Relic is set in a universe that melds cyberpunk technology - think handsets and novel plastics - and earthy magic, but the technology and even the magic merely forms the backdrop. The world building details are more of a focus and filter for social issues and tensions that also exist in our current world. What matters, then, is the people, and the story.

Sandel’s conception of the lore and traditions around the salvage community will doubtless be familiar to anyone who has even dabbled in such interests as stamp collecting and comic books - those interests commonly relegated to “hobby” status, but which attract lots of gatekeeping. In particular, those who purport to maintain quality within the community disproportionately exclude minorities.

Relic may look plain at first glance, but this would be to overlook a cracking good story.

How To Be A Blackbird, by Holly Gramazio
Finding beauty in the small things, September 1, 2018
by verityvirtue (London)
Related reviews: sanguine
[Time to completion: 10-20 mins]

The blackbird is one of the most common birds, certainly in the UK, but surprisingly beautiful in the right light. Its feathers are black speckled with white, or so glossy black they shine blue; they are small but complete, and perfectly formed.

Holly Gramazio’s How to be a Blackbird captures the same sense of finding beauty in the smallest of things, using playful text effects, a stream of consciousness style of writing, even the background noises that make up this game’s soundtrack.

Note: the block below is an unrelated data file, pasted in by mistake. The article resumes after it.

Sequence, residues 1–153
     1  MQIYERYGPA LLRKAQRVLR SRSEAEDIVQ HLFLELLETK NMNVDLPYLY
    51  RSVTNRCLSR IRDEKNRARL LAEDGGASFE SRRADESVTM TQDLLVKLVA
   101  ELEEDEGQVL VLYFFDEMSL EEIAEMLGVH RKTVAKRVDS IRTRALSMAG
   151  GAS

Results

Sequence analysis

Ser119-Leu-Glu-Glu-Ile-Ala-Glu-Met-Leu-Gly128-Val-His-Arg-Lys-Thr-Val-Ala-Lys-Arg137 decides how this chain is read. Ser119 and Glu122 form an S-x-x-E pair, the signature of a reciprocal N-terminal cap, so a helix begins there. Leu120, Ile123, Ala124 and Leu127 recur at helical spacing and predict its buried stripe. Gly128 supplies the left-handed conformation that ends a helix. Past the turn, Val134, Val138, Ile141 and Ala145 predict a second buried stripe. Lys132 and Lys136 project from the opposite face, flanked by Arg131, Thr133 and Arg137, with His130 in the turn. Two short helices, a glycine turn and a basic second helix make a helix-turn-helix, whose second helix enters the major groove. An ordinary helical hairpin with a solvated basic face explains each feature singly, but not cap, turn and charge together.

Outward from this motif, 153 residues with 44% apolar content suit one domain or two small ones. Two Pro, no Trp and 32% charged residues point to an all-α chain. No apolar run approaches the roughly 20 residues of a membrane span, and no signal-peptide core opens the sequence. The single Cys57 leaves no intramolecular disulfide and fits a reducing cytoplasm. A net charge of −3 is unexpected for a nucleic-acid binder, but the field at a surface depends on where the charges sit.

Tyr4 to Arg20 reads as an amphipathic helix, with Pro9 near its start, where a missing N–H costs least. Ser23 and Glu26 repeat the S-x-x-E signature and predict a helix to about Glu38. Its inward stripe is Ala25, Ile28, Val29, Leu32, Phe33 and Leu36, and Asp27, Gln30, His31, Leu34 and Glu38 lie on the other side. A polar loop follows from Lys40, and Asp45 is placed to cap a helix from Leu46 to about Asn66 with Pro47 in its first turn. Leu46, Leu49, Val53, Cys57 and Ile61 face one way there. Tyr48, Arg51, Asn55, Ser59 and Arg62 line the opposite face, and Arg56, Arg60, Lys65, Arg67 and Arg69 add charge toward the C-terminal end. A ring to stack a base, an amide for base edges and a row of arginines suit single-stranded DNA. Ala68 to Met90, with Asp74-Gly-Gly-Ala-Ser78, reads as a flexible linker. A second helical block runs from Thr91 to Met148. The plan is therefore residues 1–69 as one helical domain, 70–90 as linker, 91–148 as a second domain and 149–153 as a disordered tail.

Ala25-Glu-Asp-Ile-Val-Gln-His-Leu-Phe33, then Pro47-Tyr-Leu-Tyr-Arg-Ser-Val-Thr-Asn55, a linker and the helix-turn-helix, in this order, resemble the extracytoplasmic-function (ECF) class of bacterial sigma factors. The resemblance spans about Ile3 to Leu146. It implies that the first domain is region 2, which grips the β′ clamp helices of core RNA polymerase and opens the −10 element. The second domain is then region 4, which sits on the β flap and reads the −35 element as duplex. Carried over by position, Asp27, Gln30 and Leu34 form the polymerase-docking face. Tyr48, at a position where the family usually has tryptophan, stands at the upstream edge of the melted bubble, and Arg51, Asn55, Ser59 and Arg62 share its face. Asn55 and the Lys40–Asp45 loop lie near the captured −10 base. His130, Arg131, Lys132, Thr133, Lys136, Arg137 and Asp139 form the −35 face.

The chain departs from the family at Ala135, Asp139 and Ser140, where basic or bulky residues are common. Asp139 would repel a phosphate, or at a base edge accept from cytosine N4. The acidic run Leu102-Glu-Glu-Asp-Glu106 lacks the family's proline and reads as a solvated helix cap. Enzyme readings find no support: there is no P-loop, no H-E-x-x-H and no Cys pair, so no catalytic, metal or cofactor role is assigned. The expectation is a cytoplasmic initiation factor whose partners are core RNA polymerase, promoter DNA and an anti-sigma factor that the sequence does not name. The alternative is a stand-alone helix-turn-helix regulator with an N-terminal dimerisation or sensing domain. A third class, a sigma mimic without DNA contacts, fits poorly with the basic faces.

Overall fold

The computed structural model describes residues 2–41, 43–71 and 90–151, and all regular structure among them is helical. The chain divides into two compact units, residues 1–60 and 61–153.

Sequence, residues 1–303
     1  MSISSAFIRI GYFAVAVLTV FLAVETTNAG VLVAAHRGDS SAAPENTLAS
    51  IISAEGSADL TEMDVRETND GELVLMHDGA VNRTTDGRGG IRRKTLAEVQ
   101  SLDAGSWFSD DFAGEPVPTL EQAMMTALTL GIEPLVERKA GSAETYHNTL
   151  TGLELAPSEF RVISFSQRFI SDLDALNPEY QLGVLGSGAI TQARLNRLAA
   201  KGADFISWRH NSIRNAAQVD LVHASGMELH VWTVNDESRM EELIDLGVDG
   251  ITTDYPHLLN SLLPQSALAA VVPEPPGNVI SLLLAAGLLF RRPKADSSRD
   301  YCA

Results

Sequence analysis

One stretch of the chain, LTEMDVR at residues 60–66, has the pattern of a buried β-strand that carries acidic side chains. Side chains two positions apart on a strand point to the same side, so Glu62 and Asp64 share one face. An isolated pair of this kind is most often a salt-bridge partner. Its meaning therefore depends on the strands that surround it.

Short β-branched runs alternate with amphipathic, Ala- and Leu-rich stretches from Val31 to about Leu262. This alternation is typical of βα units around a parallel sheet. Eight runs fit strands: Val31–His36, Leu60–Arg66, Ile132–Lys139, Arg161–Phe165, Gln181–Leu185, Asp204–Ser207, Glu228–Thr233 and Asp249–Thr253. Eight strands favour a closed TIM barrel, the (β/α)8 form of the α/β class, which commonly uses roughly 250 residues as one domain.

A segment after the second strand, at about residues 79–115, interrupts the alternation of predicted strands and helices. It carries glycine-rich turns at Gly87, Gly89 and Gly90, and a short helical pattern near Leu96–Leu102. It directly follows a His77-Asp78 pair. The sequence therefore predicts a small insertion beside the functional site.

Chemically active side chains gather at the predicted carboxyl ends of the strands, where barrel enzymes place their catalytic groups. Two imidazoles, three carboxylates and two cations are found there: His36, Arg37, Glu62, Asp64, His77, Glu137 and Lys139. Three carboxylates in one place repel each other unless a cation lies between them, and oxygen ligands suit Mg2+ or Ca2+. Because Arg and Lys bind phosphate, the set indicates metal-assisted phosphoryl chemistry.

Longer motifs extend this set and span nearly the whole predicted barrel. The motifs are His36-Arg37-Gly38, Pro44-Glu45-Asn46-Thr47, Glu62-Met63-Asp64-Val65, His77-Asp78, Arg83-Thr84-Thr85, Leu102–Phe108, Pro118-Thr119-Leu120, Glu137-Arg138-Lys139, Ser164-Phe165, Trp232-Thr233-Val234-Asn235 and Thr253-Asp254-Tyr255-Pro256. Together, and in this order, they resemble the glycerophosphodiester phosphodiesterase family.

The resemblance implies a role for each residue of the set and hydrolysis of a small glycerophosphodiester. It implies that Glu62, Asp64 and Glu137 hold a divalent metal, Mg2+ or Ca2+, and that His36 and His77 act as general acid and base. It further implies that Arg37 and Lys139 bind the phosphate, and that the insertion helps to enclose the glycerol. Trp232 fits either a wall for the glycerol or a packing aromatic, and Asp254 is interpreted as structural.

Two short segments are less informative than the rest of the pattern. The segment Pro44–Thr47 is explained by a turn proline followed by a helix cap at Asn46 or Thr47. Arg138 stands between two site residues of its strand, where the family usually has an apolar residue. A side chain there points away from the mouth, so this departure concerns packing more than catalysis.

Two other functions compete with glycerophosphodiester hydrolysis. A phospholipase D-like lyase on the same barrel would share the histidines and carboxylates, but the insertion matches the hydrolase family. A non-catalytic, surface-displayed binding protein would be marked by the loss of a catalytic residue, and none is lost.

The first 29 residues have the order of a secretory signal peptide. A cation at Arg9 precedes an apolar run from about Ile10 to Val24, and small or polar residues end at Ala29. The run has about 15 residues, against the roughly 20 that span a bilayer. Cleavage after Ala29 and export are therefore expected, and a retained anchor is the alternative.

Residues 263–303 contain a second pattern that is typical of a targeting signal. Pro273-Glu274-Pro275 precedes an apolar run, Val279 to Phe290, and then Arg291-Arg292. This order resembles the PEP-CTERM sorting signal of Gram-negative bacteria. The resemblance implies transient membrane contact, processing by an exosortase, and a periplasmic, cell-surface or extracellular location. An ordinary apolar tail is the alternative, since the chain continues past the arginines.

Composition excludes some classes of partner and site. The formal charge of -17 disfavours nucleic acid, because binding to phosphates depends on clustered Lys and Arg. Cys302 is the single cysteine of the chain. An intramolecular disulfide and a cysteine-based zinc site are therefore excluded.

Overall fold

This game is a pleasure to play: it is a world not without worries, but with no bad endings, starring a character incredibly comfortable in their own body (with the glossiest feathers and the prettiest song).

Winter Storm Draco, by Ryan Veeder

1 of 1 people found the following review helpful:
A grimly playful exploration of a winter landscape, September 1, 2018
by verityvirtue (London)
Related reviews: melancholic
Winter Storm Draco is a moody traipse through an over-snowed path, but with some strange sights on the way.

Winter Storm Draco is a game that is well-suited to its format. It plays on one of the strengths of the parser format, by allowing the author to wrench control from the player at key moments - first in navigation, when even the compass directions so ubiquitous in parser games mean nothing; later, in the end-scene.

I relied on the walkthrough in several parts but mostly there were textual clues enough to let a reader canny with parser game conventions to proceed without too much difficulty.

It has the signature self-referential, dry wit that came through so markedly in Nautilisia, though Winter Storm Draco is a little more introspective, a little grimmer. Overall, enjoyable and atmospheric.